This grand entrance will then lead directly to the salerooms, a series of three double-height rooms, stacked one directly upon another and connected vertically by lifts. Each will have a skybox, enabling clients to view the spectacle of the sale from above if they choose to remain anonymous. Henry Mace, the LDS architect running the project, sees direct access to the salerooms as an important expression of Bonhams' relationship with the public: "Bonhams is more open, generally, to people coming off the street with an heirloom wrapped up in a bit of newspaper in a plastic bag."

Defining the unique character of the auction saleroom, and responding to that architecturally, has been a crucial task for Mace: "Although Bonhams displays works of art, it is also like a theatre, with a set design that changes regularly. Salerooms have to adapt to whatever is being sold that week, or even that day. So it's much more vibrant than an art gallery would be – it is not meant to be hushed and serious, yet, at the same time, it has to be able to sell major masterpieces."

To that end, though clearly demarcated, the main ground floor saleroom is not boxed off. Visitors will be able to catch the drama taking place inside and wander freely in and out, picking up the buzz of telephone bids and the auctioneer's patter. In addition, as Mace explains, "It was a key requirement of Robert that during previews, art works will be exhibited in all suitable public areas, including the reception."

The most dramatic change to the way Bonhams meets the public will be in Haunch of Venison Yard. LDS will replace the motley array of mews frontages with a similarly proportioned, entirely contemporary, three-part facade. Straight ahead will lie the main building, with its glass front divided in three by glazed lift shafts, so that all the activity of the auction house – the coming and going of visitors to all floors, the porters carrying objects, the excitement of the salerooms – will be visible to people below. A café will also be created to the left of the entrance.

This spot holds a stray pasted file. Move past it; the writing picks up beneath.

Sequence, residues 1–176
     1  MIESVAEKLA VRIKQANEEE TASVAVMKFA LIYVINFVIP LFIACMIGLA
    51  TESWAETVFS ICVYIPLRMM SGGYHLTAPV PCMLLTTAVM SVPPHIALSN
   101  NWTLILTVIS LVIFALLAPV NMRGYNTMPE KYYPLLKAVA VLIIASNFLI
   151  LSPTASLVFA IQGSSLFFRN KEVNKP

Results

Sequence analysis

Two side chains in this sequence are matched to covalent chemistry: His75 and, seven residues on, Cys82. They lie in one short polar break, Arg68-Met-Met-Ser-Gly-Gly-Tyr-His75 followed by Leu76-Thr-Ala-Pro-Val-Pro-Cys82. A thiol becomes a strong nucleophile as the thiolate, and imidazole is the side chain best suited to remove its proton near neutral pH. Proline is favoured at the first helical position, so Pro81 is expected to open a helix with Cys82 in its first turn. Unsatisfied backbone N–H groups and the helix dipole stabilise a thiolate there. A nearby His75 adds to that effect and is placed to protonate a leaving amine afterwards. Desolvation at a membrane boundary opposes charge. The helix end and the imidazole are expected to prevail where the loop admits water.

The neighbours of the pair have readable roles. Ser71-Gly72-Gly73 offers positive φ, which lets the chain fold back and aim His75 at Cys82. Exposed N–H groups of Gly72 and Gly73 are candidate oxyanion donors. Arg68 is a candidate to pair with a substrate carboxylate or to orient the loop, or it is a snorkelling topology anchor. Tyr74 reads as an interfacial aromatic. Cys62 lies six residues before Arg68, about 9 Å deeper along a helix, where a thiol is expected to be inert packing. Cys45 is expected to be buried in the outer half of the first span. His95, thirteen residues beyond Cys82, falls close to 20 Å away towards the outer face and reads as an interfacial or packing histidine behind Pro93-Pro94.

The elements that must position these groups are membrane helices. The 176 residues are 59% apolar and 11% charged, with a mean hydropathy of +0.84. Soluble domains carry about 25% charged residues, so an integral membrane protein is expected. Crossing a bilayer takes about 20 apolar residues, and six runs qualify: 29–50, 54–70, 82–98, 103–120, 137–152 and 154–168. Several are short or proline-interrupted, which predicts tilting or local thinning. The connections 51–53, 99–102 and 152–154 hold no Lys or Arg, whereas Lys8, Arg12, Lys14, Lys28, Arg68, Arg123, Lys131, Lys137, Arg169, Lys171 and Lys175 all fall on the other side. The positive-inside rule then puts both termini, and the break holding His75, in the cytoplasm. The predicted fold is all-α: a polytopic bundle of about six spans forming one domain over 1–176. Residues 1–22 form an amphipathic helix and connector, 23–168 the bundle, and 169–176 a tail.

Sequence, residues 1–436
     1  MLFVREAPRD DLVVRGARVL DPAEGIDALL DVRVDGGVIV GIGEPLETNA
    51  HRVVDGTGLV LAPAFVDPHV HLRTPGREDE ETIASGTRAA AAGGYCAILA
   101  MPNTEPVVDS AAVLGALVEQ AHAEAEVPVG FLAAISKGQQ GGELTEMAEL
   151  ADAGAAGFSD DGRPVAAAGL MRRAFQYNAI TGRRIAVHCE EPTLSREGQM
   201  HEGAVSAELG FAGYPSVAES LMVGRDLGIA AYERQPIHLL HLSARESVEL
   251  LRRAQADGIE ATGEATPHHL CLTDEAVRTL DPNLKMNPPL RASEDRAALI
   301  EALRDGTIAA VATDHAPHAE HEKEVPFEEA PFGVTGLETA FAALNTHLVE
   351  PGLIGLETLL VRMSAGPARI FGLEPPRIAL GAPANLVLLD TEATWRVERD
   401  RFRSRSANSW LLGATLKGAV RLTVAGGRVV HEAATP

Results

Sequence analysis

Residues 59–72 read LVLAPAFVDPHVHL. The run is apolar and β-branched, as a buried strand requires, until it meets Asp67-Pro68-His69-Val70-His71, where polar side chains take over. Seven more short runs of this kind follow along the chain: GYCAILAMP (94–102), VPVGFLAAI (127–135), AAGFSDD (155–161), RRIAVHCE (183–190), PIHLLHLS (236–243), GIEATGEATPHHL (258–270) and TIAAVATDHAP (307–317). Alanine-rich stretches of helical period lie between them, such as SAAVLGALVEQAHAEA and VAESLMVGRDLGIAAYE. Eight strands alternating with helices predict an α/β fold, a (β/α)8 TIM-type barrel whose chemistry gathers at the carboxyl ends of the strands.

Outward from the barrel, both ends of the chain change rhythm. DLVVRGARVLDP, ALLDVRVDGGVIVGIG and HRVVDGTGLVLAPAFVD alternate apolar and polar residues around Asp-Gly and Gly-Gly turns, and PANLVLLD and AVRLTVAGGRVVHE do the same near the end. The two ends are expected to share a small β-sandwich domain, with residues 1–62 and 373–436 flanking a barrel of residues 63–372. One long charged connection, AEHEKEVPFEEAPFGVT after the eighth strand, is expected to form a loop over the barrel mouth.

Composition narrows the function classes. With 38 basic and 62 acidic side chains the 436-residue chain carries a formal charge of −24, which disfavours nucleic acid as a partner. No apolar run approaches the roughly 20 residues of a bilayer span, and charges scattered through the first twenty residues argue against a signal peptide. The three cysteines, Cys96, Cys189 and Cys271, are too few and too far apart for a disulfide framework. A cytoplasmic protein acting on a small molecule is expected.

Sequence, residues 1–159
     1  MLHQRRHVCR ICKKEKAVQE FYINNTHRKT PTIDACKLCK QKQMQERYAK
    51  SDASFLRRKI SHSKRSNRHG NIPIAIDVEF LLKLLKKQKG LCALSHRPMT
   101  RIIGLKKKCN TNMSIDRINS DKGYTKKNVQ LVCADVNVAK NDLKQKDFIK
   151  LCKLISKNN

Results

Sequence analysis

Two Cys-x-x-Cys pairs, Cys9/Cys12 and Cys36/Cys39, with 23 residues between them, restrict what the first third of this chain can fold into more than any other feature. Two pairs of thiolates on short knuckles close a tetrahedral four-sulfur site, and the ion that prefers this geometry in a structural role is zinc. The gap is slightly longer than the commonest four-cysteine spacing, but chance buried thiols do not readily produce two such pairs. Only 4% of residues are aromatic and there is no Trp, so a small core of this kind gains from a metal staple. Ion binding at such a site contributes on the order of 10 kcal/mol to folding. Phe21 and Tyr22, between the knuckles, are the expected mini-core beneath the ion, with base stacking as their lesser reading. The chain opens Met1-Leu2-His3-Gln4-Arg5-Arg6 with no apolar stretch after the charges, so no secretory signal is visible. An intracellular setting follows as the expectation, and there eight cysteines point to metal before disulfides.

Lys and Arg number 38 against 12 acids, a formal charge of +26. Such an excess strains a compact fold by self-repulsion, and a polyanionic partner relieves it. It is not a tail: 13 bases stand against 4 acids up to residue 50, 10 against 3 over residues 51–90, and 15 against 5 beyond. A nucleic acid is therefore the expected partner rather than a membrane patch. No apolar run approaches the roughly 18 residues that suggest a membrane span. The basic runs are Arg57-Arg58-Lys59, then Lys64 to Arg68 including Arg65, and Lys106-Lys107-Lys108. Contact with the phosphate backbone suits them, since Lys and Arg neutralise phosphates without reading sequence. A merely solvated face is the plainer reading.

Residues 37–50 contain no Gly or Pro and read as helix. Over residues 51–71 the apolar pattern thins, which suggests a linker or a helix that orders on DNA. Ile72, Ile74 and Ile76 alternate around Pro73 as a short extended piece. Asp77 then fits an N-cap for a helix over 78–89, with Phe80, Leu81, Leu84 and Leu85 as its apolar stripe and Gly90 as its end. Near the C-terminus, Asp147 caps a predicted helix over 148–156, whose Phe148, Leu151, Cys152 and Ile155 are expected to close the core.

Brooks and Lifschutz have not finished their quiet revolution there, however. Just as the public life of the auction house will be in open view, so too will the airy, open-plan, top floor work space, with a glass wall fitted so that visitors can see the experts working up there. As Lifschutz says, "The idea of making the process manifest is important. Works arrive, they are looked at, photographed, catalogued, taken to the sale room. I think that process is very interesting. Bonhams distinguishes itself from the competition by making it engaging and exciting."

This emblematic openness reflects a new mood in the art world. The arrival of the internet has made crucial sales information available to almost everyone. This has made establishing the value of cultural objects a far more transparent process. With its reconstruction, Bonhams – which is the UK market leader in nine specialist collecting areas –is celebrating its position and embracing this brave new world. What the design embodies, above all, is a determination to pioneer a new style of international auctioneering that is both populist and of the highest quality, achieving excellence without exclusivity.

Emma Crichton-Miller is an arts journalist for publications such as the FT, Apollo, Prospect and The Daily Telegraph.